“Humans have emotions and sentiments, tastes which need to be nourished and cultivated just as much as our intellectual faculties,” classical and jazz pianist Spencer Kashmanian told Faithwire. “We have rich interior lives full of thoughts and judgments about the world around us that, at best, can only be partially expressed by language. This is where music and the other arts come in, giving form and shape to those things that can’t be reduced to propositions and encyclopedia entries and yet are integral to who we are.”
Kashmanian pointed out that music, like other art forms, is uniquely human — a practice that allows us to partake in the creative nature of God.
“If a human being is just a complex computer, whose primary purpose lies in processing and synthesizing data like a glorified calculator, then sure—music is a waste of time, along with poetry, painting, and all of the other arts, or, for that matter, keeping cats and dogs as pets, and cooking dishes that are not only tasty but beautiful,” he noted.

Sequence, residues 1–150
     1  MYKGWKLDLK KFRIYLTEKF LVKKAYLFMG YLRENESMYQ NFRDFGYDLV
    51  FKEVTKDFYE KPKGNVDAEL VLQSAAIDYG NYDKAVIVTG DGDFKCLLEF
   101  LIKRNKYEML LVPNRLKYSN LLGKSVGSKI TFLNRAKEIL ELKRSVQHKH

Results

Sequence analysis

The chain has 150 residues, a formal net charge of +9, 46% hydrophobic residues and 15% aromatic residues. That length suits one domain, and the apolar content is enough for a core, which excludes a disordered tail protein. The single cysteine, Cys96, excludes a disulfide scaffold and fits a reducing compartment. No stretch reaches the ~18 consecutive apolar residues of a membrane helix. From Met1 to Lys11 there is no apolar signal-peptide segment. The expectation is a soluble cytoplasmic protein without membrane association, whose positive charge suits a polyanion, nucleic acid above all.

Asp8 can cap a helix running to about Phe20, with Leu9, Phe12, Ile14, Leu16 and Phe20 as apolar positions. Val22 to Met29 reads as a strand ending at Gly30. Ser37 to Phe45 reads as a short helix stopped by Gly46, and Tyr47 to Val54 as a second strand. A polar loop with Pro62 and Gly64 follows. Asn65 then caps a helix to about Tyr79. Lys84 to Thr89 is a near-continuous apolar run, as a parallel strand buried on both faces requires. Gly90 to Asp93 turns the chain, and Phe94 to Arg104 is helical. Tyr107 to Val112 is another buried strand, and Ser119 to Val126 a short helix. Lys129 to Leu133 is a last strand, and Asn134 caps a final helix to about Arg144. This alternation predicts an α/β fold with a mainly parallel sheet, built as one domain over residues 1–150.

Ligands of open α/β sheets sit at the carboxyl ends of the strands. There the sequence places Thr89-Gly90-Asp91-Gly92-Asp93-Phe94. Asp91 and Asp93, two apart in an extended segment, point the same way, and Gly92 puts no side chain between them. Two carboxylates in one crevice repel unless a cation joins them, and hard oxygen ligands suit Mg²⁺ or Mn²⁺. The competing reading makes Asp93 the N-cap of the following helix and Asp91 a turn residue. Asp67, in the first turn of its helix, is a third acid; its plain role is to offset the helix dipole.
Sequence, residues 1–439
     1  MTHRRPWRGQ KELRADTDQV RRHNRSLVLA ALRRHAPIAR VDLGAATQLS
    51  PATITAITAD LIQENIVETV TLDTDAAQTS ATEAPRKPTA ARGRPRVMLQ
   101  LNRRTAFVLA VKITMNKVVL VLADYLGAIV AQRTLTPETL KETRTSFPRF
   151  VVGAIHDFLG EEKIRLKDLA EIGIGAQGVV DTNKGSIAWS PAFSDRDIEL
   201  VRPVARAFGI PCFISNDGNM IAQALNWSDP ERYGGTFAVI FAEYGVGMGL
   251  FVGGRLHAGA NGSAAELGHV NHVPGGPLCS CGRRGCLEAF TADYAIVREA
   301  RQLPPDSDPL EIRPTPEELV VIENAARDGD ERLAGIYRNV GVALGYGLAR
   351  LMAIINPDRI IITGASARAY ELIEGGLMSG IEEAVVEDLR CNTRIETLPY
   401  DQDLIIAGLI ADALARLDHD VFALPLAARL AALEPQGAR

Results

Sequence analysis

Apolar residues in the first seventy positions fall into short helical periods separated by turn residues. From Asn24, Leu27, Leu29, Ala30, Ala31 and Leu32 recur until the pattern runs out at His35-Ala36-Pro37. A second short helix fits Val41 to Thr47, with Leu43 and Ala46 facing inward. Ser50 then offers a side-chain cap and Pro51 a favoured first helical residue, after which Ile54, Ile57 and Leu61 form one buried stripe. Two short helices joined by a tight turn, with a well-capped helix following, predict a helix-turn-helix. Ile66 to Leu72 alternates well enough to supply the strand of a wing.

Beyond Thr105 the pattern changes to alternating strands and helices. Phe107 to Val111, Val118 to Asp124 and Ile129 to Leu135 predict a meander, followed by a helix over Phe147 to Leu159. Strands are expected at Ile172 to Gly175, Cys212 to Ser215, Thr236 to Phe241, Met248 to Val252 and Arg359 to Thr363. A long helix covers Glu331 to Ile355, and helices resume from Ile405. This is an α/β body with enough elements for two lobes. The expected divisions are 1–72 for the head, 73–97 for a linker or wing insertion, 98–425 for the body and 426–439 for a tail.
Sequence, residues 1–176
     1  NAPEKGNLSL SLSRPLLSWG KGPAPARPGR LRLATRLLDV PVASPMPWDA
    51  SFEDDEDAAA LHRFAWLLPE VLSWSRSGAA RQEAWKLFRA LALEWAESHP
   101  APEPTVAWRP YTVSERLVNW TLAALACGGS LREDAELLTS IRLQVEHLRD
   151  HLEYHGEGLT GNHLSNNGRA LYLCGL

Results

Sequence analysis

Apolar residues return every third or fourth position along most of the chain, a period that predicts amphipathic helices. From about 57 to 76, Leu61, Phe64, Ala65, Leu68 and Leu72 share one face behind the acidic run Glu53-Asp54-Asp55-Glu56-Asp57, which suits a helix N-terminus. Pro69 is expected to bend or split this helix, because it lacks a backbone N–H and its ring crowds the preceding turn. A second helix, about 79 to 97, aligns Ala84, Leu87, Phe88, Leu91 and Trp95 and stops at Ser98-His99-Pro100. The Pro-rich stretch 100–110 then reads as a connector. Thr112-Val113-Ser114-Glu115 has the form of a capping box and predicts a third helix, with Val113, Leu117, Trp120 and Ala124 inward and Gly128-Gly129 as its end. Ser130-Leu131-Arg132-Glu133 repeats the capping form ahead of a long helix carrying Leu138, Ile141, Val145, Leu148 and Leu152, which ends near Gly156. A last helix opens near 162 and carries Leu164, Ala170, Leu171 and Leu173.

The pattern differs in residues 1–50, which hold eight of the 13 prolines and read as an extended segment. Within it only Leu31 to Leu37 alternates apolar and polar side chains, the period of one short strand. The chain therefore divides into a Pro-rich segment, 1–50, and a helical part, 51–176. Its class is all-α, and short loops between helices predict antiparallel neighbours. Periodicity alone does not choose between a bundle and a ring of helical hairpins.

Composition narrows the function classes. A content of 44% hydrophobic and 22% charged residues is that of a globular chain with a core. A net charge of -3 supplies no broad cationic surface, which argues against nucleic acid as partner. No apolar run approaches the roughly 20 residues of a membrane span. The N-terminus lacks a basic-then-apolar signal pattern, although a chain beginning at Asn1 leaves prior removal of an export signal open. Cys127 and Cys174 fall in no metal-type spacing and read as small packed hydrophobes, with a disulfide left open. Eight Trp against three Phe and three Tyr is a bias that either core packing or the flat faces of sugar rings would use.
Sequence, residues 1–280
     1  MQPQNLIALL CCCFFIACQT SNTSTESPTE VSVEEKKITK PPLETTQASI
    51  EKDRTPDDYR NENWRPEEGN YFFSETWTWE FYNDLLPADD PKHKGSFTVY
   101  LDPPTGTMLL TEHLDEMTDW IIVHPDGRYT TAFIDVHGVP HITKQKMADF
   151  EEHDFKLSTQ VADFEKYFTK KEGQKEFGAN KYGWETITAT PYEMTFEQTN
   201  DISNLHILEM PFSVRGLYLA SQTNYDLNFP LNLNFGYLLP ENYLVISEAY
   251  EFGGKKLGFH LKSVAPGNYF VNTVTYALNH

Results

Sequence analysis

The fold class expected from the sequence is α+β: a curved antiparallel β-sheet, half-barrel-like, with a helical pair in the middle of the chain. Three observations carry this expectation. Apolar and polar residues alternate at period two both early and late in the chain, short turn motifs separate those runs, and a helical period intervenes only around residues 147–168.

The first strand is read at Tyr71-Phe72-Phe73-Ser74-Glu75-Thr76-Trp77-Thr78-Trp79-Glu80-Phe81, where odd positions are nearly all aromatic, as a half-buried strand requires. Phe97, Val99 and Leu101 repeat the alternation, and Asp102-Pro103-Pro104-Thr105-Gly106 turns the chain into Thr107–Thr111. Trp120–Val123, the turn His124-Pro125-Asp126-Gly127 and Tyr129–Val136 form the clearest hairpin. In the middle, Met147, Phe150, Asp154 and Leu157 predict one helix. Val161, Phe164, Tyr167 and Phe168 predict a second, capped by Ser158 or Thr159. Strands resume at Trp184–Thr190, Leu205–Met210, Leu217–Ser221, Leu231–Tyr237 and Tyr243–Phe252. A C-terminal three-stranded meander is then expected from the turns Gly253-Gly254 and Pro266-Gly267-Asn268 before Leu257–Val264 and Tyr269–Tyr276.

But Christians believe that as God’s image-bearers, music can connect us with Him in a profound and incomparable way.
Music connects us to God
Psalm 22:3 alludes to the fact that God actually “inhabits” the praises of His people. By engaging in music that honors and exalts Him, we have the opportunity to draw closer to him than mere words would otherwise allow.
There is also a clear biblical defense of the power of musical worship. The Scriptures abound with verses that point to the power and importance of music in our worship.